Obama faults intelligence analysts for security breakdown
President Barack Obama called the intelligence failure associated with the attempted bombing of a U.S. civilian airplane one of analysis and not collection, according to Jim Garamone of the American Forces Press Service. The president spoke late yesterday afternoon following a meeting with his national security team at the White House. The team included CIA Director Leon Panetta, Homeland Security Secretary Janet Napolitano, Attorney General Eric Holder, Secretary of State Hillary Clinton and the heads of federal law enforcement agencies.
Only quick actions by passengers stopped Umar Farouk Abdulmutallab, a 23-year-old Nigerian with suspected ties to al-Qaeda in the Arabian Peninsula, stated Garamone.
Abdulmutallab was captured by fellow passengers when he attempted to blow up a Northwest Airlines flight with about 300 people aboard as it approached Detroit on Christmas Day.
President Obama said there have been intelligence victories against al-Qaeda, "but when a suspected terrorist is able to board a plane with explosives on Christmas Day, the system has failed in a potentially disastrous way."
"It's my responsibility to find out why and to correct that failure so that we can prevent such attacks in the future," said Obama.
The president reiterated that the U.S. intelligence community knew that Abdulmutallab had traveled to Yemen and joined extremists there. "It now turns out that our intelligence community knew of other red flags: that al-Qaeda in the Arabian Peninsula sought to strike not only American targets in Yemen but the United States itself," he said.
"The bottom line is this: The U.S. government had sufficient information to have uncovered this plot and potentially disrupt the Christmas Day attack, but our intelligence community failed to connect those dots, which would have placed the suspect on the no-fly list," Obama said. "In other words, this was not a failure to collect intelligence; it was a failure to integrate and understand the intelligence that we already had."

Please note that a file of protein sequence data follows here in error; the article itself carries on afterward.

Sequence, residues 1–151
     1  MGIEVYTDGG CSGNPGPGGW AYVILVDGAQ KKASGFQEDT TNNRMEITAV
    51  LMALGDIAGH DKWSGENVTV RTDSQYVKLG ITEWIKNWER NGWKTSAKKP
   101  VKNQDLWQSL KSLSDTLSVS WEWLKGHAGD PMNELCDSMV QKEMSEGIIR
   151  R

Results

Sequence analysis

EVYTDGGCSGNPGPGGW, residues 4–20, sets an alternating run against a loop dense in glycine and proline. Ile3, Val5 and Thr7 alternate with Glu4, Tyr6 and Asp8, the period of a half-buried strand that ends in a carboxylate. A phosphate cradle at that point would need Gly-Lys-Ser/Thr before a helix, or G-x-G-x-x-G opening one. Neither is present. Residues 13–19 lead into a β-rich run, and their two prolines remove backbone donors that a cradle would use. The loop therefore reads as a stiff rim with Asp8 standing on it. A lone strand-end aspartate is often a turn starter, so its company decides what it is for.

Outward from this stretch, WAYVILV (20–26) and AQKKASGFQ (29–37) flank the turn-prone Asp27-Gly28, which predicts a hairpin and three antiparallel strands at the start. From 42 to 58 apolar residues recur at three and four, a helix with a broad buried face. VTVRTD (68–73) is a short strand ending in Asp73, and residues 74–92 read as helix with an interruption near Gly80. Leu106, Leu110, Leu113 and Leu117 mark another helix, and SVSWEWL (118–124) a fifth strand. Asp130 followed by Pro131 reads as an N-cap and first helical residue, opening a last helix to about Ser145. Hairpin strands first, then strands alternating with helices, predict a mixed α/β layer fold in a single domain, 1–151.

American intelligence analysts had the information but did not fully analyze or leverage that knowledge, the president said. "That's not acceptable, and I will not tolerate it," he said.
Obama gave the intelligence agencies a deadline to complete their initial reviews this week. "I want specific recommendations for corrective actions to fix what went wrong," he said. "I want those reforms implemented immediately, so that this doesn't happen again and so we can prevent future attacks."
Obama said every member of the team understands the gravity of the situation and the urgency of getting it right. "I appreciate that each of them took responsibility for the shortfalls within their own agencies," he said.
However, he failed to mention some of the statements made following the Christmas Day terror attempt such as Secretary Napolitano saying on national television that "the system worked."
Obama also announced that further detainee transfers to Yemen will be suspended for the time being. This will not affect his decision to close the prison at Guantanamo Bay, Cuba, he said.
The president said that intelligence agencies and homeland security officials must be nimble to stay ahead of al-Qaeda.